When Seattle-based artist Fumi Amano landed at Seattle-Tacoma International Airport (SEA) 10 years ago, she knew it was the start of something new. She had moved from Aichi, Japan to the United States to pursue an MFA and was excited to learn about her new home.
“The excitement I felt at the airport was so special and I think a lot of people use the airport as part of a transition or the beginning of a new chapter. It’s a chance to go back home or start something new in a new place.”
Amano channels this inspiration as he works on the concept for his latest piece, a planned sculpture in SEA’s C Concourse. Amano and artist Crystal Worl were selected to create public art installations for the C Concourse Expansion project as part of a unique collaboration with two leading cultural institutions in the Pacific Northwest. These public art commissions are attached to a first-of-its-kind residency program made possible through a new partnership between SEA Airport and two iconic glass art organizations – the Pilchuck Glass School and the Museum of Glass. The Pilchuck residency is designed for artists to explore potential ideas; The Museum of Glass residency is designed to transform these ideas into a final product that will be exhibited at the airport.
This summer, Amano completed her two-week residency at Pilchuk and will complete a second five-day residency at the Museum of Glass, possibly in 2024. Her finished work will be exhibited at the airport in 2026 with the opening of the new C Concourse. The piece will be seen by travelers as they enjoy views of the airport and the Olympic Mountains on a glass-enclosed observation deck.
Although she is a multidisciplinary artist, Amano said she has been in love with glass for years. She first learned glassmaking as a traditional Japanese craft, earning a Bachelor of Fine Arts degree from Aichi University of Education and further study of glass at the Glass Art Institute in Toyama City. She later earned a master’s degree in foreign affairs from Virginia Commonwealth University.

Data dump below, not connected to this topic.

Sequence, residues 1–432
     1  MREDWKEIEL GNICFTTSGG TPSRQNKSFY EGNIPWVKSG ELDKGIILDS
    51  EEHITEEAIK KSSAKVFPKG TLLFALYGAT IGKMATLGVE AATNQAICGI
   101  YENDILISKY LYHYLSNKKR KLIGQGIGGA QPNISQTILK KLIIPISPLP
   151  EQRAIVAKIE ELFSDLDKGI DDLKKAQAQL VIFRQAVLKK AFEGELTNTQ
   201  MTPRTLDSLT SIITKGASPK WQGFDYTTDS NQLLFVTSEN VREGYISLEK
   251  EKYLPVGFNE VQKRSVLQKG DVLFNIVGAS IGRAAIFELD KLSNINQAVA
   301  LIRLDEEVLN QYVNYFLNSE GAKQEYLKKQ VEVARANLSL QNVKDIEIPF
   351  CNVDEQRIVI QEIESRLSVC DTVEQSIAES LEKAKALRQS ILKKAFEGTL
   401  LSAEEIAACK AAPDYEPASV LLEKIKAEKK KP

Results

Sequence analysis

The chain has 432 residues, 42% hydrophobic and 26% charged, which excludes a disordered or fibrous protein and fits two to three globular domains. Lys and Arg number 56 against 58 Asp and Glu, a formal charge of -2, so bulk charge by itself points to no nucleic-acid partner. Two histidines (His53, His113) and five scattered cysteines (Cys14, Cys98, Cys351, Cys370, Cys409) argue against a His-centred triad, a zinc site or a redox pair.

“The material is just so beautiful. I really like this transparency and sometimes I use a sheet of glass as a metaphor for an invisible filter between the people and the piece.” she said.
The residency was the perfect opportunity to focus on glass and test the limits of possibilities. She said it has been helpful for the development of her work to create glass artwork with glass artists who deeply understand the material.
“Learning craftsmanship by working with experienced glass artists was very helpful for my inspiration. The glass art community is very open. Glass artists generously share their knowledge with others. I really appreciate the opportunity to experiment with what I would like to try.”
She hopes to create something people have never seen before and provide a new perspective on glass. Because it is so fragile, Amano is also exploring ways to keep both the piece and passersby safe in a highly trafficked public space. One avenue she has explored is using kiln casting – using a mold and a kiln – to make the piece stronger. After the residency, she created more tests and drawings based on what she learned about glass and public art during the residency program. Participating in the airport’s public art tour provided more inspiration.
“This helped me develop ideas for the project as I could see the actual airport traffic and the interaction between passengers and public art. I hope to gain a deep understanding of public glass art and glass art culture in Seattle to create something for travelers to enjoy before they travel.”
Vulnerability as inspiration
Amano finds artistic inspiration from her experiences around topics such as age, feminism, and problems communicating with others. Her artist statement on her website reads “Through my art, I would like to express the reality of being marginalized in this country. I challenge the tradition of the ‘silent Asian woman’ to reveal the complexities that lie beneath the surface of the superficial ‘dream’ of being an Asian woman.”
With the piece she is creating for the airport, she hopes to inspire excitement for travel. “I hope the piece empowers travelers to feel more welcome and also excited about traveling from one place to another.”
Amano said the residency partnership is important because it increases access for artists, connecting them with studio equipment, other artists and institutions like Pilchuk and the Museum of Glass. “That relationship is such an important part for artists to develop their practice,” she said.